In a recent newspaper article, the superintendent of the Fowlerville school district said: “There are no employees are [sic] getting raises. Every position in the district, from mine on down, has taken concessions.”

To those not familiar with the public school bureaucracy’s jargon, this may sound like no employees in that district will get an increase in their salary. That’s not the case. The tip-off comes in the next line: “We do have contractual obligations that have step increments that occur at various times.”

In other words, no employees are getting raises, except the employees who are getting raises.

Stay Engaged

Receive our weekly emails!

Here’s how it works. In unionized public schools, there are three kinds of pay raises: “across-the-board,” “step” and “lane.” The first describes increases that are periodically given to all employees under the terms of a union contract.

“Step” and “lane” increases are automatically given to particular employees for racking-up another year on the job (“step”), or acquiring another academic credential (“lane”). In many cases, even if employees get no “across-the-board” increase, they still receive their “step” and “lane” pay bumps.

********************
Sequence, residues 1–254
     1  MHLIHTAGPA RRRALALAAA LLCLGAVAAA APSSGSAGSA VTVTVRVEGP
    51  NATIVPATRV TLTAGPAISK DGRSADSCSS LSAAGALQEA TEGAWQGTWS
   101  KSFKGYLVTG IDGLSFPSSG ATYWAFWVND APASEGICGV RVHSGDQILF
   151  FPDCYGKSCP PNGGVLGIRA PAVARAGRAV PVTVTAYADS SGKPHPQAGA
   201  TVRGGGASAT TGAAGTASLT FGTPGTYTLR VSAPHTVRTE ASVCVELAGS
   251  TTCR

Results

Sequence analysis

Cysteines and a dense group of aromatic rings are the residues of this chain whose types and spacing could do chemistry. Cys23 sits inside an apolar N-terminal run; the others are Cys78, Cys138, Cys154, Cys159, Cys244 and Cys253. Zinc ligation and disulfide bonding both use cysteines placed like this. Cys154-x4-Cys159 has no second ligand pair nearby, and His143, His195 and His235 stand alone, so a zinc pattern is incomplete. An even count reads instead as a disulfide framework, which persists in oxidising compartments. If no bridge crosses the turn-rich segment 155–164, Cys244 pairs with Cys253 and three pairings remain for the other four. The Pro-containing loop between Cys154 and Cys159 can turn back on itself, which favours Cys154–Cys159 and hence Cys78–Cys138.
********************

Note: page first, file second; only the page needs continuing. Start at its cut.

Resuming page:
As demonstrated by the superintendent’s quotes above, many of those immersed within the public school bureaucracy take those “step” and “lane” pay hikes for granted, treating them as virtual entitlements.

This is why pay freezes in the unionized public school world don’t mean the same thing as pay freezes in the real world.


Related Articles:

State, National Media Report on MEA Opt Out

Checking the Facts

Media Coverage of Center's Latest Lawsuit

BEA President Unsure What Her Contract Says



Stay Engaged

Simply enter your email below to receive our weekly email:


The State of Michigan claims the tens of millions of dollars it spends each year advertising the tourism industry brings in needed tax dollars, but the industry fails to show the data. The Mackinac Center for Public Policy devised a study and found that for every dollar spent, only two cents comes back to the state, and only to a select segment of the tourism industry.

Related Sites